Ethiopia. – I’m supposed to be writing my thesis on women travel right now. But instead I’m typing for my travel blog because, you know, why not. Women and traveling – two words that were not used together at all until late 19th century. It was almost impossible to imagine these two terms appearing on the same page of an article at that time. I am not going to bore you with how traveling has historically been associated with men and masculine prerogatives and how women were domesticated and not suppose to communicate knowledge about the world. It is, however, a fact that women traveling independently is still not accepted in many places in the 21st century. I have mentioned in my previous blog entries some of the reasons why I love traveling solo and my encounters while travelling solo. But I don’t remember writing about these things from a female perspective. It’s not like I deliberately try to avoid talking about my traveling experiences as a female traveler, and it’s not like I think my gender doesn’t matter, either. My traveling, in fact, has been very gendered.
‘It got me thinking: what if I were not a women?’
And the name of this travel blog that you are reading right now, if you don’t know already, is ‘ironically’ “Miss Traveling”. Does it mean I’m aiming at a female audience? No. Does it mean I am a feminist who thinks all women should travel solo? No. Does it mean I travel only because I want to go against the “norm” because society tells us it is dangerous for women to travel? No. I had two breakdowns when I was traveling in Ethiopia – all because of the things that I had to face because I am a woman. It is not a matter of whether I am being proud of a woman or not. I was born a woman and therefore there is no choice as to say whether I like it or not. Yet I am very aware of the EXTRAS that I had to consider as a woman travelling solo. I had to wear more layers when travelling in Muslim countries and some African countries even when it was boiling hot. I had to be careful with my behaviour because men from certain cultures might misinterpret my intention.
‘…love interacting with local people and in the developing countries.’
I had to pretend that I did not hear the whistles and verbal harassments that came along with me walking down the street. All these EXTRAS that I had to pay attention to at times made my interactions with people difficult because I am a people person. I love interacting with local people and in the developing countries that I have traveled to, the people who speak better English and who usually approach me are men. It is very frustrating when you meet some interesting people that you could learn a lot from and you see a huge possibility for friendship but it turns out the other person wants something else. It got me thinking: what if I were not a woman? I am often convinced that if I were a man, our conversations would go on and on and I would be friends with everyone that I have met during my travels. I even had to wear a ring on my ring finger to pretend that I was married during the second half of my travel in Ethiopia.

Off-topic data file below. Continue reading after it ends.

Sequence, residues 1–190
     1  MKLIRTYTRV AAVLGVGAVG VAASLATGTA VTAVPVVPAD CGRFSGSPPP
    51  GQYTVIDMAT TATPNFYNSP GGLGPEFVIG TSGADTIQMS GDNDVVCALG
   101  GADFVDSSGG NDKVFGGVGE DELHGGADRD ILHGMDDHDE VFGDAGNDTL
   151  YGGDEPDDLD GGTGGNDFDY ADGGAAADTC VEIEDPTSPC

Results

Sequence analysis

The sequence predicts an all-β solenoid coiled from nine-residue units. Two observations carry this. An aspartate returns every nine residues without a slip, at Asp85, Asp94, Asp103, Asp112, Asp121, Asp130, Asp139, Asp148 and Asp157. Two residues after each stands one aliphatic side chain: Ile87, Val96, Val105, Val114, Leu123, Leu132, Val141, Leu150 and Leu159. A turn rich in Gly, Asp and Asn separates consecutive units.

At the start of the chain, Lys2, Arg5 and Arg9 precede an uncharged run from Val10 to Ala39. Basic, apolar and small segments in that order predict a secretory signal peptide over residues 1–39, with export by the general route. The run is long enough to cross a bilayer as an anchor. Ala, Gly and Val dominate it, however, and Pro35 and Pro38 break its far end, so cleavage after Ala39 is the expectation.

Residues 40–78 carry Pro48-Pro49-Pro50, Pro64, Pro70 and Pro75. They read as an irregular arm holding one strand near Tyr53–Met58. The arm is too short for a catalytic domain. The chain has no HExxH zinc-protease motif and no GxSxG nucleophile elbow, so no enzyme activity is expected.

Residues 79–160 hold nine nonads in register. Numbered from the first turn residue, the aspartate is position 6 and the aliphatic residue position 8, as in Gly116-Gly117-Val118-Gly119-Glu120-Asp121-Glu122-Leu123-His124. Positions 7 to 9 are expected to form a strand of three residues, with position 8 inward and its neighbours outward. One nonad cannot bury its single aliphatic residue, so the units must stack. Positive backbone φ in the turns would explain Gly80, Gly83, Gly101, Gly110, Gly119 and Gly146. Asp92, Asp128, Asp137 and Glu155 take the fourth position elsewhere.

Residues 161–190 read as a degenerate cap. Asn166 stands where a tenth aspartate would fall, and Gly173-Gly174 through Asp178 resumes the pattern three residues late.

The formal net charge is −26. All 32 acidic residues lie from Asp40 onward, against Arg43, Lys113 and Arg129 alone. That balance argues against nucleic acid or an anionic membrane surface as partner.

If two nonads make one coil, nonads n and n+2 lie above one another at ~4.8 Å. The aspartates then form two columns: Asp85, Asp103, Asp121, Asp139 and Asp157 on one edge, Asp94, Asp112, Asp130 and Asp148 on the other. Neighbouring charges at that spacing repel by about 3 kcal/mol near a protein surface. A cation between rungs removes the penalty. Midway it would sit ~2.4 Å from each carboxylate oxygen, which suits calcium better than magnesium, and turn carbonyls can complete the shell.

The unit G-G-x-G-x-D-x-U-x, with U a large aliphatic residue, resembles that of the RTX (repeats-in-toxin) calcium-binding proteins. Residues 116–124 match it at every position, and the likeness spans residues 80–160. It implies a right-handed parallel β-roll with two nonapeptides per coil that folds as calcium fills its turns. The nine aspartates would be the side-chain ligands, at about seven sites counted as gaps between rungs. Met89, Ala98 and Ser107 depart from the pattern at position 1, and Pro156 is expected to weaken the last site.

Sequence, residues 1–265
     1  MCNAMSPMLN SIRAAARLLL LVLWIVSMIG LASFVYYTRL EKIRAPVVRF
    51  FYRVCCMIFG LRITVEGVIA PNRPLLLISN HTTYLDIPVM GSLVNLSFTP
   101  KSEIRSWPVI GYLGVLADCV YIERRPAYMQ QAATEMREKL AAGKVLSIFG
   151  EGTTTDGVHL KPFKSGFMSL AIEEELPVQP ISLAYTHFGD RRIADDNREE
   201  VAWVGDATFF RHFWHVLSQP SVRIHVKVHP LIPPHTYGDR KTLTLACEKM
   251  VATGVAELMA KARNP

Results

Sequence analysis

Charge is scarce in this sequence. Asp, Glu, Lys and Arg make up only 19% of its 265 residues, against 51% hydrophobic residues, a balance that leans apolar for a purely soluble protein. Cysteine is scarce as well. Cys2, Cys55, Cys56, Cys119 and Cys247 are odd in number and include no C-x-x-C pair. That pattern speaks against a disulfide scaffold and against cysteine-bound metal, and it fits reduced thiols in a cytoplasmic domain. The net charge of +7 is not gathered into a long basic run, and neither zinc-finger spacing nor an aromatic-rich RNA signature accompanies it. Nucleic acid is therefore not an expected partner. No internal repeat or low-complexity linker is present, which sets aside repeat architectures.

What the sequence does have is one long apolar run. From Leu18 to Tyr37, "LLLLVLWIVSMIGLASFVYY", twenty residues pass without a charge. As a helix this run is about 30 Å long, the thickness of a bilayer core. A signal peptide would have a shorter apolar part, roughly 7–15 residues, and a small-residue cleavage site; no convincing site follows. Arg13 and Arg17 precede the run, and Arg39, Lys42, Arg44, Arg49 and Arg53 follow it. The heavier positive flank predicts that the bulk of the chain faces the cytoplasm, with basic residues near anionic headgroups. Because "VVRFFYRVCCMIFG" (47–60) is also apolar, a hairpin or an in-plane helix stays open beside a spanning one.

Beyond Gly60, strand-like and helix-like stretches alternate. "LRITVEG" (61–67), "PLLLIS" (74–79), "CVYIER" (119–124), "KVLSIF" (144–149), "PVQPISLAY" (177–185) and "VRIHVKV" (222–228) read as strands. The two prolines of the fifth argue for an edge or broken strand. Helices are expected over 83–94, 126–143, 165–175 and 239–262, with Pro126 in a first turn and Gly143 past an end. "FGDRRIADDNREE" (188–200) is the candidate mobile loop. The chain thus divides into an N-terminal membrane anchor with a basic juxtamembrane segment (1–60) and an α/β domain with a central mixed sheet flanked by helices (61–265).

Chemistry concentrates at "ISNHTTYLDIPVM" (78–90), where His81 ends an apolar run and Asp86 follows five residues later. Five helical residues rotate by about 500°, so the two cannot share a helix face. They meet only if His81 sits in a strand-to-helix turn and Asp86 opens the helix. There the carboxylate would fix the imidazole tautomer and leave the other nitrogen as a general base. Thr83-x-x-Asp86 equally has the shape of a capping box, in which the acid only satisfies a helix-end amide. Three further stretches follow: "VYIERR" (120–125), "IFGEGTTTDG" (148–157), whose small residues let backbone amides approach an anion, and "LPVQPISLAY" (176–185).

‘…not make assumptions.’
That said, it is not like I would avoid having conversations with men while traveling. I have built life-long friendships with people I met on the road and I still learn a lot from making conversations with people from different cultures. At the end of the day, I have learnt nothing more than how to judge situations and not make assumptions. I would never assume that people intend to harm me or take advantage of me. Some say it’s best to expect the worst, but I still have faith in humanity. It is easier said than done, but I do believe when I approach people with an open heart; they would respond accordingly.
About the blogger: Constantly shocking her family and friends with the most bizarre travel destinations, Pearl Yan finds no fun in staying in a shell and shines the most when she discovers the unknown. Based in Hong Kong, she documents her offbeat global adventures that aim to inspire (oh that time when she had a hyena massage), and you may (or may not) find them on her blog, Miss Traveling.